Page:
LT111-4-FY-CO:
Origins and Transformations in Literature and Drama

The details
2019/20
Literature, Film, and Theatre Studies
Colchester Campus
Full Year
Undergraduate: Level 4
Current
Thursday 04 October 2018
Friday 28 June 2019
30
27 March 2019

 

Requisites for this module
(none)
(none)
(none)
(none)

 

LT209

Key module for

BA W800 Creative Writing,
BA W801 Creative Writing (Including Year Abroad),
BA W803 Creative Writing (Including Placement Year),
BA W808 Creative Writing (Including Foundation Year),
BA QW24 Drama and Literature,
BA QW25 Drama and Literature (Including Placement Year),
BA WQ28 Drama and Literature (Including Foundation Year),
BA WQ42 Drama and Literature (Including Year Abroad),
BA QT37 English and United States Literature (Including Year Abroad),
BA T720 English and United States Literature,
BA T723 English and United States Literature (Including Placement Year),
BA T728 English and United States Literature (Including Foundation Year),
BA QQ23 English Language and Literature,
BA QQ24 English Language and Literature (Including Foundation Year),
BA QQ32 English Language and Literature (Including Year Abroad),
BA QQ35 English Language and Literature (Including Placement Year),
BA Q300 English Literature,
BA Q303 English Literature (Including Placement Year),
BA Q320 English Literature (Including Foundation Year),
BA Q321 English Literature (Including Year Abroad),
BA PQ32 Film Studies and Literature (Including Year Abroad),
BA PQ38 Film Studies and Literature (Including Foundation Year),
BA QW26 Film Studies and Literature,
BA QW27 Film Studies and Literature (Including Placement Year),
BA QV21 History and Literature,
BA QV22 History and Literature (Including Placement Year),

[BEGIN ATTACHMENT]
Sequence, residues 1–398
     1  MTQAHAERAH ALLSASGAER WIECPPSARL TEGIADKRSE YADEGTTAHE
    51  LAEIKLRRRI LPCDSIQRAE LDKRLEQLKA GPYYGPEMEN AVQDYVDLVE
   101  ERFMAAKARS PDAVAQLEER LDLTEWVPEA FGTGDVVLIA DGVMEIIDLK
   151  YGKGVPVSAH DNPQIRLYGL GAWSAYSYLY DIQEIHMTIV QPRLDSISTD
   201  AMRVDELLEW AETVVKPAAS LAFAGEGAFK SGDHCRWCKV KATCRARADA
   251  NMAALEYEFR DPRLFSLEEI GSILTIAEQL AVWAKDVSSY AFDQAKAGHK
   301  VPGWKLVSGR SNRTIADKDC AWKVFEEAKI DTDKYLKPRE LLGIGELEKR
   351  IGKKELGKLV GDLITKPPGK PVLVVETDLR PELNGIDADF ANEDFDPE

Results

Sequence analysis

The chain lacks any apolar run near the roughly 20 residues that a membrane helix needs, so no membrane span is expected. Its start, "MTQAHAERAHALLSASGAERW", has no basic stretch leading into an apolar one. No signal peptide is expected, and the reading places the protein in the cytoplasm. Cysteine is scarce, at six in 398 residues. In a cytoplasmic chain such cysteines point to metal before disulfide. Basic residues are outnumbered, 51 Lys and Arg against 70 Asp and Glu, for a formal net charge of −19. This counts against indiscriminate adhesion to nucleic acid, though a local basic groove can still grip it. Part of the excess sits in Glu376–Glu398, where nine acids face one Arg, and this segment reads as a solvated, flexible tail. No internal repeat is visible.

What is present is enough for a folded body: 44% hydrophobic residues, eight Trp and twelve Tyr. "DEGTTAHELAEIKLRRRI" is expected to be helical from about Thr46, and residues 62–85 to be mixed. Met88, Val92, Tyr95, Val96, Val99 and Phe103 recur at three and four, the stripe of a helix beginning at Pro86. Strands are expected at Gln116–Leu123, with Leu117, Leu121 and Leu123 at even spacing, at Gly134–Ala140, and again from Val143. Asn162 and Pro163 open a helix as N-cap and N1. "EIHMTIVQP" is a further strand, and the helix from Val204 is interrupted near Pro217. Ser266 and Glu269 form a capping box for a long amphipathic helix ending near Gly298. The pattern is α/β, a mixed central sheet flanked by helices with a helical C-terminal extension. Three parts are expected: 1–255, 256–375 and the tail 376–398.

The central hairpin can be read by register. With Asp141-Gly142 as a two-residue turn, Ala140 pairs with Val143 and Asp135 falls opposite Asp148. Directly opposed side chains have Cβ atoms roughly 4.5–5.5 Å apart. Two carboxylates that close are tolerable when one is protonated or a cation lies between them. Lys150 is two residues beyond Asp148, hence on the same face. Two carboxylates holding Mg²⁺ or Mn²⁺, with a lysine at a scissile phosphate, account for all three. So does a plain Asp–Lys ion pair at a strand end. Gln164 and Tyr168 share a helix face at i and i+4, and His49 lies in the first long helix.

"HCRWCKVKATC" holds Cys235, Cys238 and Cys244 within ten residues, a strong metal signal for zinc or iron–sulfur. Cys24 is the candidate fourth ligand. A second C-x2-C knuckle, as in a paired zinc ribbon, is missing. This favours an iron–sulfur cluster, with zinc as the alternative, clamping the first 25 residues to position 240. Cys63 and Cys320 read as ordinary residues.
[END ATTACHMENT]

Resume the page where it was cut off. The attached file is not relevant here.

BA QV2C History and Literature (Including Foundation Year),
BA VQ12 History and Literature (Including Year Abroad),
BA QV23 Literature and Art History,
BA QV24 Literature and Art History (Including Placement Year),
BA QV2H Literature and Art History (Including Foundation Year),
BA QV32 Literature and Art History (Including Year Abroad),
BA QV3B Literature and Art History (Including Foundation Year and Year Abroad),
BA LQ32 Literature and Sociology,
BA LQ33 Literature and Sociology (Including Placement Year),
BA LQ38 Literature and Sociology (Including Foundation Year),
BA QL23 Literature and Sociology (Including Year Abroad),
BA QV25 Philosophy and Literature,
BA QV26 Philosophy and Literature (Including Placement Year),
BA VQ52 Philosophy and Literature (Including Foundation Year),
BA VQ52JS Philosophy and Literature (Including Foundation Year),
BA VQ58 Philosophy and Literature (Including Foundation Year and Year Abroad),
BA VQ58JS Philosophy and Literature (Including Foundation Year and Year Abroad),
BA VQ5F Philosophy and Literature (Including Year Abroad),
BA QW30 Literature and Creative Writing,
BA QW31 Literature and Creative Writing (Including Year Abroad),
BA QW33 Literature and Creative Writing (Including Placement Year),
BA QW38 Literature and Creative Writing (Including Foundation Year),
BA Q210 English and Comparative Literature,
BA Q211 English and Comparative Literature (Including Year Abroad),
BA Q212 English and Comparative Literature (Including Placement Year),
BA Q218 English and Comparative Literature (Including Foundation Year),
BA P530 Journalism and Literature,
BA P531 Journalism and Literature (Including Placement Year),
BA P532 Journalism and Literature (Including Year Abroad)

Module description

Which writers re-worked Homer’s Odyssey? Or borrowed ideas from Dante’s Inferno? Examine how key literary texts and genres from across world literature have been used and transformed by successive generations of writers up until the present day.

This module explores how ancient and foundational literary texts and stories continue to speak to us, and to inspire writers, many of whom have adopted, and adapted, their themes and form, to create new masterpieces. How have we inherited genre definitions such as tragedy and comedy? How have key themes like madness, the underworld and the outsider inspired some of the greatest books, plays, stories and poetry ever written?

Module aims

The aims of this module are: 1. to provide students with an understanding of key literary genres and themes as a foundation upon which they can build throughout their degree 2. to enable students to draw links between texts from different centuries, cultures and continents 3. to help students develop a critical understanding of the ways in which key literary texts and genres are borrowed from, re-written or re-worked by successive generations of writers 4. to develop students' ability to trace literary origins and critically evaluate the complex links and fissures across cultural traditions.